So, a recruiter wants to chat with you? Congratulations! You're on the first step to finding a new job.
Even if the idea of a phone call fills you with dread, know that thousands of developers feel the same way. Recruiters want to find people to fill their openings. You're going to be OK. All you need is a little preparation.
"Hi Foo, I hope this message finds you well. I have a wonderful opportunity for you. Can we get on the phone sometime this week to discuss it?"
At this stage, you probably don't know much about the job, and the recruiter doesn't know much about you.
Before getting on the phone, you should learn as much as you can about the position you're considering. Preparing to talk to a recruiter looks a lot like customizing a resume for a job. First, you outline the employer's needs, and then you fill in how you have successfully met those needs over your career.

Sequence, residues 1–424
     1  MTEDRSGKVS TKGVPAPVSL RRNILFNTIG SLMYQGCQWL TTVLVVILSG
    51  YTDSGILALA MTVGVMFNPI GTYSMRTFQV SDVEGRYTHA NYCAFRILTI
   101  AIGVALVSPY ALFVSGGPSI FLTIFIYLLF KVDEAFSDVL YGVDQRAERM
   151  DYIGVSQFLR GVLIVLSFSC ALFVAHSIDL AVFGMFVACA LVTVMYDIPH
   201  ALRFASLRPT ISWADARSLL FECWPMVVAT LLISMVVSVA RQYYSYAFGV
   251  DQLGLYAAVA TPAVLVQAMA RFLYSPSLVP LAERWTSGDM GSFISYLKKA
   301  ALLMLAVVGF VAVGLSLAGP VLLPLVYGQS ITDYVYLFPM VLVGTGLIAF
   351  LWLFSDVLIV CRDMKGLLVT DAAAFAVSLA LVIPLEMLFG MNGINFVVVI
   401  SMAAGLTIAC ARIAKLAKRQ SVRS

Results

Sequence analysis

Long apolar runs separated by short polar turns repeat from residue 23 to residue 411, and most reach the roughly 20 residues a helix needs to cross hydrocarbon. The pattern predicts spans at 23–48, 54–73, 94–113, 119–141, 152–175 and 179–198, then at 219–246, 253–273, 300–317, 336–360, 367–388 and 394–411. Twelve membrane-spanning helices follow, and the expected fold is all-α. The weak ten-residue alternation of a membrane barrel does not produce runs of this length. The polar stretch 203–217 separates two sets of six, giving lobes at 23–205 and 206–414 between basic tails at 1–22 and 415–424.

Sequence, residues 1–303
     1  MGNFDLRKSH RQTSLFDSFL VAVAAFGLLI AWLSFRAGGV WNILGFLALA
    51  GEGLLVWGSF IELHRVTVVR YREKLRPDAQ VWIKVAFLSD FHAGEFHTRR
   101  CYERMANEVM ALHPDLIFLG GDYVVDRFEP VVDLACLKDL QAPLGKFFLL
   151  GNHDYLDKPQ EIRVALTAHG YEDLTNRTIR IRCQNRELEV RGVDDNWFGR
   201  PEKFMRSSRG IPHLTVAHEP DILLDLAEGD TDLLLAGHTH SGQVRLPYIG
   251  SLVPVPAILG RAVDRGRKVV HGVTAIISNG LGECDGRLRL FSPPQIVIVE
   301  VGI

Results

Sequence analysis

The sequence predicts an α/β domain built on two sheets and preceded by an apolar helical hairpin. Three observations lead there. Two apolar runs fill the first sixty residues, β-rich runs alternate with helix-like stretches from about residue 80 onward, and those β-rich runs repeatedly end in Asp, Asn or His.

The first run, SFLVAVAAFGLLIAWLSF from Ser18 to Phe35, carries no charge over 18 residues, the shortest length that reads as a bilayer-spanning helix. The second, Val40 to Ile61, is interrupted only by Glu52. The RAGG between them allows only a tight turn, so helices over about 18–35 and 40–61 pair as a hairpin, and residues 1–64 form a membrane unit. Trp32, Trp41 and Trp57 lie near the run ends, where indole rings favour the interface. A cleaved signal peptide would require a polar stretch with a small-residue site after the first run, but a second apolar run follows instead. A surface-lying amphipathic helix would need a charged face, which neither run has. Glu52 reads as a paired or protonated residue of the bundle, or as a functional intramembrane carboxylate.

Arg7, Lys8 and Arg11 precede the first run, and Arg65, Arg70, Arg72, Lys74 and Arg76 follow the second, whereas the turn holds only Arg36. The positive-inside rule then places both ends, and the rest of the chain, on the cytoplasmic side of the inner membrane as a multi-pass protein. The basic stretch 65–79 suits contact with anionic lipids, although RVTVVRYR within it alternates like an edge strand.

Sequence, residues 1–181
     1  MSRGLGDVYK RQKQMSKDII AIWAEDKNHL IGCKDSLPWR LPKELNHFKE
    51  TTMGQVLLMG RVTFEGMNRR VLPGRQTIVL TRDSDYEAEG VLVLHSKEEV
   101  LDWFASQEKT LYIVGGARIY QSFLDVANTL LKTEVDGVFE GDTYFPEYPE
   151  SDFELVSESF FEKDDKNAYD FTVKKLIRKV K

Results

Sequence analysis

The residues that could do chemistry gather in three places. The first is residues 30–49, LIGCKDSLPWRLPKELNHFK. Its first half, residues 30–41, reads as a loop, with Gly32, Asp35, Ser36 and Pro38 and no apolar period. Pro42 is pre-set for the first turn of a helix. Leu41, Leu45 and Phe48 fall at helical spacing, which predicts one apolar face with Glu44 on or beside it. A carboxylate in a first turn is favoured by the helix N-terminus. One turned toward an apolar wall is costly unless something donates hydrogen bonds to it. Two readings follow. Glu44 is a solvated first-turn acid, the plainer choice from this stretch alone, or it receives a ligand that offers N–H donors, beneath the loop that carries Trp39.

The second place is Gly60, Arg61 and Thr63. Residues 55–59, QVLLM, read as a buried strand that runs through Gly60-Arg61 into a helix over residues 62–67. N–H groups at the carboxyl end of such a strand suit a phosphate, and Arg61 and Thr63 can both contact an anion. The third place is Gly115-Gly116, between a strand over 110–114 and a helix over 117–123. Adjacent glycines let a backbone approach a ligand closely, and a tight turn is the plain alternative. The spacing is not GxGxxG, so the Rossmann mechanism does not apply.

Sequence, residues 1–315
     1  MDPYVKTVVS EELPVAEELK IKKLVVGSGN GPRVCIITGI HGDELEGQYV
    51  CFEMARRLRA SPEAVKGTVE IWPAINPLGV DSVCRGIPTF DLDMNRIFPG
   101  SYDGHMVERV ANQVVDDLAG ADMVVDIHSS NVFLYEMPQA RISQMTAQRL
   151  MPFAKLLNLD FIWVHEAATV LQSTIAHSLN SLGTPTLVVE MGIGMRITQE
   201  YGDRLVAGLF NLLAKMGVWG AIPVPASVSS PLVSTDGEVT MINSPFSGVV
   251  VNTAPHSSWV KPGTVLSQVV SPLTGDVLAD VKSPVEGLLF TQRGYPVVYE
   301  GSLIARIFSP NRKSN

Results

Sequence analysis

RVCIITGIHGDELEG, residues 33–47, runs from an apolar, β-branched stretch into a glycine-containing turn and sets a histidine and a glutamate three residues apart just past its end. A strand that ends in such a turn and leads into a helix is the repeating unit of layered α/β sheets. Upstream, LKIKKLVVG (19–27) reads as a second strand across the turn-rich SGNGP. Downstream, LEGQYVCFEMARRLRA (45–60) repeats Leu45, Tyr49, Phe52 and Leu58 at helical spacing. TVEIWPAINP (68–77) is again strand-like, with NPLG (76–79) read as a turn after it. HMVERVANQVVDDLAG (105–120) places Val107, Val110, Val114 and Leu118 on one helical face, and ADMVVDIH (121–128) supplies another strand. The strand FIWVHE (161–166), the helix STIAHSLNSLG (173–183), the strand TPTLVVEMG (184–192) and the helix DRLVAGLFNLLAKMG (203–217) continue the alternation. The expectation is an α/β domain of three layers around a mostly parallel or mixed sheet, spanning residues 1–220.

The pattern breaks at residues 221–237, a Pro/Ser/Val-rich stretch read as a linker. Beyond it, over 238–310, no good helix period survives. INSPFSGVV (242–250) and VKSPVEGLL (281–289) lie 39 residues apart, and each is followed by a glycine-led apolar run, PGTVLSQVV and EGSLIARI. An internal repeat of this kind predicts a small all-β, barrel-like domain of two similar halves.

If you have access to a job description, start there. Begin a new note, and as you're reading the job description, write down any concrete facts related to the job. Distill out only the relevant items; you can skip any word salad about dynamic teams and exciting opportunities. You only want their requirements and "nice to have" skills.
If you see they want Objective-C experience, write that down. If the job description mentions specific frameworks or methodologies, write that down.
Once you have an outline of what the job needs, fill it in with evidence that you're a good fit. The evidence might be as simple as "I used this when I worked at Acme." When a requirement indicates a more advanced or expert-level knowledge, then you'll want more detailed evidence: when, where, how, and why you have demonstrated the skill. Your proof doesn't have to fit the job description exactly; metaphorical evidence can also work.